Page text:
Or, perhaps, the faith that they received a high-quality education only proves their high gullibility. Every college has abundant marketing materials that proclaim the wonderful education they provide, and the students trust those pledges of superiority. It soothes their vanity. After all, the more superb the education they received, the more educated they are. The respondents in the Gallup poll are early in their adult lives, searching for jobs and for spouses, they want to believe in their own special condition.  Acknowledging a crummy education hampers their self-confidence. They need the power of positive thinking.

Millennials have been encouraged ever since kindergarten to overestimate their own abilities. They aren’t going to stop once they graduate. It takes several years of the realities of the American workplace to contain their judgment.

Why Did ‘Academically Adrift’ Strike a Chord?

Academically Adrift: Limited Learning on College Campuses by myself and Josipa Roksa  (2011) had 67 pages of statistical tables and was described as “a dense tome that could put Ambien out of business.” Yet it was one of those rare social science books that found a readership and influence outside of typical disciplinary boundaries. 

Why did Academically Adrift capture more attention than one would expect?  We can potentially find an answer to this question by considering a recent study by Pamela Barnhouse Walters and Annette Lareau that focuses on why some
educational research ends up being influential. Walters and Lareau argue that “it is the consistency of the research findings with prevailing political concerns, with prevailing understandings of what is wrong with schools and schooling, and
with already-formed policy preferences of powerful social groups” that
determines its influence on policy development.

According to Chester Finn, educational research shapes policy, “when
advocates, policy makers and journalists… (are) able to use these studies to
devise, justify, or sustain a reform agenda. Thus the research is less a source
of change and more an ‘arsenal’ for those already fighting the policy wars.”

Perhaps not surprisingly, the most hostile response to the work came from those associated with promoting the expansion of student service infrastructure on college campuses.  In recent decades, as we noted in Academically Adrift, this is the area of colleges and universities that has grown most rapidly.  As full-time faculty positions have decreased in relative terms, quasi-professional staffing on campus has increased and been charged with taking greater responsibility for ensuring the general well-being and promoting the social engagement and attachment of students with college life.  Social engagement policy and programs on campuses were promoted in part to reduce the high attrition rates of college students – since the more individuals are integrated into campus social life, the less likely they are to drop out.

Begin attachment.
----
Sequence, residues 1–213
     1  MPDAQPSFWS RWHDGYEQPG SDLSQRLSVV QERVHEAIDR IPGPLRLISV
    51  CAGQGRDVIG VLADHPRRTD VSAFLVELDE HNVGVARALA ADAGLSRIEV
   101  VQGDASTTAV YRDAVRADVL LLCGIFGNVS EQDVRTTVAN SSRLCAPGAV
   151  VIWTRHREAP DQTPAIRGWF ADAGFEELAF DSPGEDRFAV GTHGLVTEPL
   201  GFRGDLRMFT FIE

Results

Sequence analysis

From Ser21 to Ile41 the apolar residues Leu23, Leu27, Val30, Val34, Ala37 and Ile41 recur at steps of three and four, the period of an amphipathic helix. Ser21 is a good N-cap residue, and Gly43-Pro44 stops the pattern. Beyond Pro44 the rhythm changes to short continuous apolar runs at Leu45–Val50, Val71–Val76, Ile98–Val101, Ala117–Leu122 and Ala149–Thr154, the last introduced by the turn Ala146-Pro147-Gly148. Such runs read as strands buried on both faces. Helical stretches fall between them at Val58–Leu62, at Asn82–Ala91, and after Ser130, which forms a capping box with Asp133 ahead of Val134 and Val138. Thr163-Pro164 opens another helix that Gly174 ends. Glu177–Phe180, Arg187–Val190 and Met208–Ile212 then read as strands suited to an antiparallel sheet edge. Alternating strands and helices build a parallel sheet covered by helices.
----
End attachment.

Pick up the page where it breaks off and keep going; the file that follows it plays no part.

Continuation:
In recent decades, however, advocates of increased social engagement went a step further.  Educational researchers identified an association between self-reported learning and social engagement.  Based on these findings, social engagement was advocated as a strategy to promote both retention and learning.

Academically Adrift was an explicit challenge to this research and programmatic paradigm.  In our project, we found no evidence that social engagement was associated with positive learning outcomes.  Our work thus was understood as in direct opposition to those promoting such investments in college as well as a research apparatus that was dependent on the use of survey instruments focused on self-reported learning.  Criticism from these quarters sought to discredit the work by challenging the CLA measure. The CLA was argued to be incapable of measuring generic collegiate learning – regardless of the fact that in our study it was demonstrated to be sensitive to instruction         

Roksa and I, however, were the first to admit to the limitations of the CLA.  All
assessment instruments are by definition limited and imperfect.  Clearly, though, the CLA was an improvement over the widespread use of self-reported learning measures that some of our critics had utilized in their work.  In addition, other researchers relying on a different national sample and an alternative objective multiple-choice assessment instrument designed to track higher order generic skills, such as critical thinking and complex reasoning, generated largely similar findings as those we reported on the CLA measure.  In addition, the low levels of
academic engagement we found in our work were consistent with a large number of other studies, including findings form some of our critics own survey